In order to achieve significant PN/A activity and low effluent NHx-N, the DO setpoints were 0.5 mg/L in the sidestream MBBR and 0.5 mg/L in the 3 mainstream MBBRs. It was found that the effluent TN was almost 12 mgN/L in this case (Table 3), which would be too high in areas with strict nitrogen limits. Lowering the DO to 0.3 mg/L in all three reactors lowers the effluent TN but increases the effluent NHx-N to over 3 mgN/L. In order to encourage more anammox activity in the last two reactors, DO setpoint tapering was tested (Table 3). It was found that using DO setpoints of 0.5, 0.3, and 0.2 mg/L in the three mainstream MBBRs reduces the effluent TN to 5.69 mgN/L and still maintains an effluent NHx-N below 1 mg N/L (Table 3).

In order to study the dynamic behaviour of the system, diurnal flow and pollutant concentration patterns were created using the influent generation tool developed by the HSG group (Langergraber et al. 2008, 2009). Three scenarios were studied as shown in Table 4.

Table 4

Control strategies studied using dynamic simulations with a diurnal influent

ScenarioDO controlType of aerationNHx-N control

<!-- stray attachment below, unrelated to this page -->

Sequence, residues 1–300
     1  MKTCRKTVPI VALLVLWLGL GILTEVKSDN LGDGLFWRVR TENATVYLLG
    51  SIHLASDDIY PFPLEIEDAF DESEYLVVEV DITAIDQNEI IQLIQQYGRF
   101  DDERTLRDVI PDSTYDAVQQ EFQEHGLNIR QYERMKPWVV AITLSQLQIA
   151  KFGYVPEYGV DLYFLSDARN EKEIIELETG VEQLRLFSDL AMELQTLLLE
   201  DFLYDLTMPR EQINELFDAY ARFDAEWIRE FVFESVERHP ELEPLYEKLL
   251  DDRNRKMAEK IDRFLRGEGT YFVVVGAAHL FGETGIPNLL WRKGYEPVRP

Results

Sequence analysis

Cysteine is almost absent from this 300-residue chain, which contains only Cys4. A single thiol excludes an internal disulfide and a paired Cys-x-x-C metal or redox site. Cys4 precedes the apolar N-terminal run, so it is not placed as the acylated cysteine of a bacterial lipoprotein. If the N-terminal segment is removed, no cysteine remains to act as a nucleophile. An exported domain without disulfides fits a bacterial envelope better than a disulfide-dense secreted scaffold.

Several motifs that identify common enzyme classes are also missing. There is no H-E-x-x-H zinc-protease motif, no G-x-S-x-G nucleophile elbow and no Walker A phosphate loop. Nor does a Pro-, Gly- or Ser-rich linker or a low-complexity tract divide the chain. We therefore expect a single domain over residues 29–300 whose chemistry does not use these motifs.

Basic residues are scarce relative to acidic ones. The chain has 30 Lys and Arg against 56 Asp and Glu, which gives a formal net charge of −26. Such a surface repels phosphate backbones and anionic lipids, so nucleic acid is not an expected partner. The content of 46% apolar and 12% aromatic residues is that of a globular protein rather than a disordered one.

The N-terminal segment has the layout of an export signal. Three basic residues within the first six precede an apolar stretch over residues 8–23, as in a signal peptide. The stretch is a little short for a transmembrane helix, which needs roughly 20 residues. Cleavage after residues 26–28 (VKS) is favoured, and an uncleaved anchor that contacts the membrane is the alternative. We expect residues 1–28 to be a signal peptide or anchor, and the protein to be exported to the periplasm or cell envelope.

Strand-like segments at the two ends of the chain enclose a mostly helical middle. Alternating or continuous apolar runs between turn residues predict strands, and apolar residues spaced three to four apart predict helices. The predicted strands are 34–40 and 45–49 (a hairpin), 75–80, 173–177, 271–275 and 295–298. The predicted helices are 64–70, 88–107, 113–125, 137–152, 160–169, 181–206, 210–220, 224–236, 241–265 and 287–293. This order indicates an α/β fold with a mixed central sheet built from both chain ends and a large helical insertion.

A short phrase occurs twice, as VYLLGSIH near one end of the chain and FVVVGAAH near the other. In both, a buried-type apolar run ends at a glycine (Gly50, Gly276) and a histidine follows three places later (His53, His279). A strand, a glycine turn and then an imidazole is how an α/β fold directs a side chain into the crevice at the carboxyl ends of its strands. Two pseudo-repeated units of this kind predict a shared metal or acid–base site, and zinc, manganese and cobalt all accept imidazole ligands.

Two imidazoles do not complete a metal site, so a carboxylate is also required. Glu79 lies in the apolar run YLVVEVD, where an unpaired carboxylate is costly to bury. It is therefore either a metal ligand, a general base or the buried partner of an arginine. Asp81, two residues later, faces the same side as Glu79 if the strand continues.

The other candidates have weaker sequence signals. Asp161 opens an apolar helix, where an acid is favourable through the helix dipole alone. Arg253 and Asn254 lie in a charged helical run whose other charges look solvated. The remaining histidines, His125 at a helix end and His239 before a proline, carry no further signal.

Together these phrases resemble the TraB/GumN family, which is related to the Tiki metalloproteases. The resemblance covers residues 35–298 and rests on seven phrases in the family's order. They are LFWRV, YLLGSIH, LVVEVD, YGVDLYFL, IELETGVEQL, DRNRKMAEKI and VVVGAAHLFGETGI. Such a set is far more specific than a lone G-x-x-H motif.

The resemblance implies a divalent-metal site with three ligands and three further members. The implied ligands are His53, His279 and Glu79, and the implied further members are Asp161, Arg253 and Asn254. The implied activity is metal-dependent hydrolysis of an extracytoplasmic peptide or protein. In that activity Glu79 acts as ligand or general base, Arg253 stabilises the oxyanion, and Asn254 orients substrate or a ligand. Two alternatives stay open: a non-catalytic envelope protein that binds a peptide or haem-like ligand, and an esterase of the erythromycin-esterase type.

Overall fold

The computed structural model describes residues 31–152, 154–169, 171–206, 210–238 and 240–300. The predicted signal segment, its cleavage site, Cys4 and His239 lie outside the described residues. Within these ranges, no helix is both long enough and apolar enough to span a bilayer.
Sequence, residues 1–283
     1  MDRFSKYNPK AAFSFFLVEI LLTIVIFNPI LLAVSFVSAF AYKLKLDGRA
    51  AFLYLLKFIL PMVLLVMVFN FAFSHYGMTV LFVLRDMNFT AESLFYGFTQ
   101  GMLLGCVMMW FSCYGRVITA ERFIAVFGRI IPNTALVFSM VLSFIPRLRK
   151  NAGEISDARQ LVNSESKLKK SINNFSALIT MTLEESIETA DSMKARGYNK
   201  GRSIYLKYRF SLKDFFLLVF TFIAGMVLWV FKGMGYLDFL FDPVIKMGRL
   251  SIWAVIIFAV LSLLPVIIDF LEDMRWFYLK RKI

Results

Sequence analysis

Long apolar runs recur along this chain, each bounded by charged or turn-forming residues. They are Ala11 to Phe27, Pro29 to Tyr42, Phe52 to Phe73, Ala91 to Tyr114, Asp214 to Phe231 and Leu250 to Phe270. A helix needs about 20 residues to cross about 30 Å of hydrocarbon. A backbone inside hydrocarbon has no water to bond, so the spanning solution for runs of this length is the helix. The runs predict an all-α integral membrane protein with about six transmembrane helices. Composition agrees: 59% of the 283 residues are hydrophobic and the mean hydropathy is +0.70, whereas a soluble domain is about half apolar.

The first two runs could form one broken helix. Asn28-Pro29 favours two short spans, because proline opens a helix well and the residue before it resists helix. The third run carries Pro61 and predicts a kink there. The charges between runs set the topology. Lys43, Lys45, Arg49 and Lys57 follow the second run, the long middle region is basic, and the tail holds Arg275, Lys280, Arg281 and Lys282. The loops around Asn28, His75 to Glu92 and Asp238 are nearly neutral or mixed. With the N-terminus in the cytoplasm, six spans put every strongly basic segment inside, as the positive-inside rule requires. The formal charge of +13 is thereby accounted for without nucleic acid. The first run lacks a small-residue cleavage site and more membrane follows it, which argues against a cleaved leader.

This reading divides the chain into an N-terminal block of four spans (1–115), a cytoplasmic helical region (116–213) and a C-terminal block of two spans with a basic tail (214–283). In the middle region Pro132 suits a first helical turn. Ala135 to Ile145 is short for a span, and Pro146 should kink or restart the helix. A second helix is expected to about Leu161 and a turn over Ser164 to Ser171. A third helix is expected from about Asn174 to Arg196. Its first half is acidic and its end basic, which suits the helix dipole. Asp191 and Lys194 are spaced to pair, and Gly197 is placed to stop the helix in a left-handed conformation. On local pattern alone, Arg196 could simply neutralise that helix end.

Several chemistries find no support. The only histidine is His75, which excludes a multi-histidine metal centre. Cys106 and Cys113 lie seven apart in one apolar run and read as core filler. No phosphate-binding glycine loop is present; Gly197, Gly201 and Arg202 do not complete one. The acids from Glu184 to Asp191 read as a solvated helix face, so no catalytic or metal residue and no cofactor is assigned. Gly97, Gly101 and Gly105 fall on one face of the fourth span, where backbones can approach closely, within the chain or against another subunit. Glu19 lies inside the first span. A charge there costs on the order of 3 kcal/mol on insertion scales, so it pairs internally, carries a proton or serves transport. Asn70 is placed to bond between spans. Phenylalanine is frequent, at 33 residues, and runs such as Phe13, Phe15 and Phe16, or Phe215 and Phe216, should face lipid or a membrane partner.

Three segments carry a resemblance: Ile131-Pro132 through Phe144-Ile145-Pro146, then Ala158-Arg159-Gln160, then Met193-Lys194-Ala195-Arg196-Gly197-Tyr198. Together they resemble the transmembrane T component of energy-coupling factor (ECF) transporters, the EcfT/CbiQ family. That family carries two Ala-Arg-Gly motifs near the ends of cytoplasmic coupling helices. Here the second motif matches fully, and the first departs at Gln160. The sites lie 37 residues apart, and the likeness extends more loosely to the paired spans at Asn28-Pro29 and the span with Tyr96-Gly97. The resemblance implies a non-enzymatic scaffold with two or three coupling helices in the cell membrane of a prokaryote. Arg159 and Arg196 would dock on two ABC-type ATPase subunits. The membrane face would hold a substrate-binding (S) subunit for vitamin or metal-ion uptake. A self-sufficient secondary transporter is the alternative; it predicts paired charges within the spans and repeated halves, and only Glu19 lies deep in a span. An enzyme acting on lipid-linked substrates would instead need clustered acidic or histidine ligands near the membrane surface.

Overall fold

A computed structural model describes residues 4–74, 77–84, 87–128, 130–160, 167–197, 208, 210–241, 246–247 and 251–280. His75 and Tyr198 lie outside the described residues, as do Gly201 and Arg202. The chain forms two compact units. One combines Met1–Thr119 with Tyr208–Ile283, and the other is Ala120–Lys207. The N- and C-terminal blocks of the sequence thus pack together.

DO setpoints of 0.5, 0.3, and 0.2 mg/L Continuous Not used 
DO setpoint of 2 mg/L during aerated part of cycle Intermittent cycle; 0.5 hr aeration followed by 0.5 hr of no aeration Not used 
DO setpoints provided by NHx-N controller Continuous 
  • NHx-N setpoints of 15, 4 and 1 mgN/L

  • DO setpoint bounded between 0 and 3 mg/L

 
ScenarioDO controlType of aerationNHx-N control
DO setpoints of 0.5, 0.3, and 0.2 mg/L Continuous Not used 
DO setpoint of 2 mg/L during aerated part of cycle Intermittent cycle; 0.5 hr aeration followed by 0.5 hr of no aeration Not used 
DO setpoints provided by NHx-N controller Continuous 
  • NHx-N setpoints of 15, 4 and 1 mgN/L

  • DO setpoint bounded between 0 and 3 mg/L

 

In each scenario, the simulation was initialised at steady-state conditions, and a dynamic simulation with a diurnal influent was run until it reached a cyclic steady-state. From there, a three-day dynamic simulation was conducted. In each scenario the biofilm thickness was allowed to reach its own equilibrium thickness and was found to be 0.11 mm in the mainstream PN/A reactors and 0.37 mm in the sidestream PN/A reactor.